Tuesday, January 26, 2010


If there is any positive to take away from Tooth Fairy, it's that now I'm pretty sure that I only have to find nine more movies to place on my "Worst of 2010" list. Thanks, Dwayne Johnson.

The positives end there. Tooth Fairy is a heinous would-be comedy that is intended to put a creative twist on the legend of the tooth fairy, but the result is more painful than a root canal -- and before you roll your eyes at my use of bad humor, I must say that I can't help myself, and that the movie is even worse. This is a pale imitation of a mediocre Disney movie where the humor isn't funny, the fairy tale isn't magical, and the actors are all so hapless to stop the disaster that it barely seems like they are participating. Here is a film that literally seems to evaporate as you watch it.

Johnson, aka "The Rock," plays Derek Thompson, a hockey player known as "The Tooth Fairy" because he knocks so many teeth out. Ha ha. He has his own recliner in the penalty box. Hee hee. At this point you might be asking yourself, "didn't The Rock already play an arrogant bastard hockey player in a family comedy?" Well, you're close: it was an arrogant bastard football star in The Game Plan, which was a middling Disney comedy, but by comparison is a work of staggering brilliance. In that film The Rock wore a tutu, and in this one he sports a fairy outfit replete with gauzy skirt, tights, and, of course, wings. Last year Rock starred in another family film, Race to Witch Mountain, and in my review of that film I wondered if he was contractually obligated to star in limp Disney film after limp Disney film. Tooth Fairy is, in fact, not a Disney film, which answers my question: The Rock is not contractually obligated to anyone; he just has a predilection for embarrassing himself on film.

Anyway, Rock's character once had the makings of a great NHL star, but then got injured and was banished to the minors, where he basically stopped trying and settled for being the rough-and-tumble dude that never scores goals. That's a big theme in Tooth Fairy: scoring goals is infinitely important. "I used to score," Rock tells his young friend, as if one has no value in the game of hockey unless they are a prolific goal-scorer.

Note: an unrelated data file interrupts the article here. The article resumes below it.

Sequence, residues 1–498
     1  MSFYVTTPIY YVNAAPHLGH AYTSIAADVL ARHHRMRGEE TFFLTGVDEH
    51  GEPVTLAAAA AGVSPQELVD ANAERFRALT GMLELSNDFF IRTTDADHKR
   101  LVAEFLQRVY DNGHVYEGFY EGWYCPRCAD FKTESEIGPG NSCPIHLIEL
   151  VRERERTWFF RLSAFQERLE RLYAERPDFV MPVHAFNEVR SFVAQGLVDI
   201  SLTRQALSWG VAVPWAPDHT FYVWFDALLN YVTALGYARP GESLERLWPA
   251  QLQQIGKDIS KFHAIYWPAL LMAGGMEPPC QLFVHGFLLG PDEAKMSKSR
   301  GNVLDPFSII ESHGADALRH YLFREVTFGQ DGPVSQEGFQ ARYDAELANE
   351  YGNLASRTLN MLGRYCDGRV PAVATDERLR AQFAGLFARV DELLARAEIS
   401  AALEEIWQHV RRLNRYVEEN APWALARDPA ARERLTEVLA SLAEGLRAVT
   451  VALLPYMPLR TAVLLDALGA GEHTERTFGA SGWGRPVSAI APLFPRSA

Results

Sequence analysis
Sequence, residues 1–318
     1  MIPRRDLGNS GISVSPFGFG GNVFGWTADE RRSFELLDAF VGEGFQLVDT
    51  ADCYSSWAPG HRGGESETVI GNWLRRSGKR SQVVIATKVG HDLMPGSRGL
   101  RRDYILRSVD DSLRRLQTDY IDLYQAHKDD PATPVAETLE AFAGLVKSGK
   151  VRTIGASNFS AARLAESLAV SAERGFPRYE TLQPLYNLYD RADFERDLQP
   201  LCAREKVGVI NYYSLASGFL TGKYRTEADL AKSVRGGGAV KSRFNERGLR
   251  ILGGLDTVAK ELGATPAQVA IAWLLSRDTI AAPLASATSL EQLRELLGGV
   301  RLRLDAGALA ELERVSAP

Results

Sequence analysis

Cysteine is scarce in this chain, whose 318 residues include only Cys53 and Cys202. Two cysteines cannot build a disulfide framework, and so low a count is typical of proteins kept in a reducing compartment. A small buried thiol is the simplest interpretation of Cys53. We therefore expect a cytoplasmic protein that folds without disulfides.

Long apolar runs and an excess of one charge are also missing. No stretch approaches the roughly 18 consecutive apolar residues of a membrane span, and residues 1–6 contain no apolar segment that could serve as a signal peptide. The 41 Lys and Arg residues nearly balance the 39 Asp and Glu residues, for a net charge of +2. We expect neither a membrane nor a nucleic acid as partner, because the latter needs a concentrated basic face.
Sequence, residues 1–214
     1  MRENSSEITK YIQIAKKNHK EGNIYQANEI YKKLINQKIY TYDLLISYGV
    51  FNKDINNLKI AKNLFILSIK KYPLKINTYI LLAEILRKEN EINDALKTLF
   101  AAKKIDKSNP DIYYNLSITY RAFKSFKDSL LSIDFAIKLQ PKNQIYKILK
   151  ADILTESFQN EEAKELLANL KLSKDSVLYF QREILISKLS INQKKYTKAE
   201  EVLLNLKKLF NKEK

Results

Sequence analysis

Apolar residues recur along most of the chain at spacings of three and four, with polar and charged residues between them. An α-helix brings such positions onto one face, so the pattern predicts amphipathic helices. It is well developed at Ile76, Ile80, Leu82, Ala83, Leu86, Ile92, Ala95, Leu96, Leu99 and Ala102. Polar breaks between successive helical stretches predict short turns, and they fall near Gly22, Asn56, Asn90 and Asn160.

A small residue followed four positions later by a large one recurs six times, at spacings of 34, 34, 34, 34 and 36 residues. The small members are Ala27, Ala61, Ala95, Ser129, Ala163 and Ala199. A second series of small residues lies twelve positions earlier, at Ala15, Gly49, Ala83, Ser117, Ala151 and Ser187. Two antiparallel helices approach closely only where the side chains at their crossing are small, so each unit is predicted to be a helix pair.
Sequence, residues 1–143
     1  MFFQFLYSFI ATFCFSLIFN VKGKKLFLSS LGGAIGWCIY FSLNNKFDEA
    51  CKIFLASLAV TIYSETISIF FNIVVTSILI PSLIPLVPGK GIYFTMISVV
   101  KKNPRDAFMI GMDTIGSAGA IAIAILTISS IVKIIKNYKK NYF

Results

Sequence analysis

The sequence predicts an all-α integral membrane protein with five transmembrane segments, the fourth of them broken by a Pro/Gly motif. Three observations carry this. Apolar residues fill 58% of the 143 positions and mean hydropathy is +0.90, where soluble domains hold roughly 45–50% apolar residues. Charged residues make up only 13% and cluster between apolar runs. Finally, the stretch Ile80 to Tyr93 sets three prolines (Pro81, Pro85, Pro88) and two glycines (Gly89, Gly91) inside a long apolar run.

After telling his girlfriend's (Ashley Judd) young daughter that there is no Tooth Fairy, our hero is summoned to appear before the regal woman who is, I guess, the Queen of Tooth Fairies (Julie Andrews), or something like that. She sentences him to two weeks Tooth Fairy duty, and for the remainder of the film Rock prances around like an idiot in disastrous set piece after disastrous set piece, all under the illusion that the antics are somehow funny, or heartwarming, or at the very least filmable. But he's wrong.

The film is an absolute mess from start to finish. The director is Michael Lembeck, an Emmy-winning TV director who brings a TV skill set to his feature films, and indeed Tooth Fairy is about as visually stimulating as an episode of Everybody Loves Raymond. Lembeck previously directed the two awful Santa Clause sequels, and he drains the magic out of this film in a similar fashion. The screenplay, which is credited to five different writers, doesn't help matters, offering a throwaway formula and adding ice skates and fairy wings. It's not funny, it's not enchanting, it's not even watchable.

I'd rather face the dentist drill than sit through Tooth Fairy again. And again, I will not apologize for that cheap line -- this movie doesn't deserve anything more creative than that.

No comments: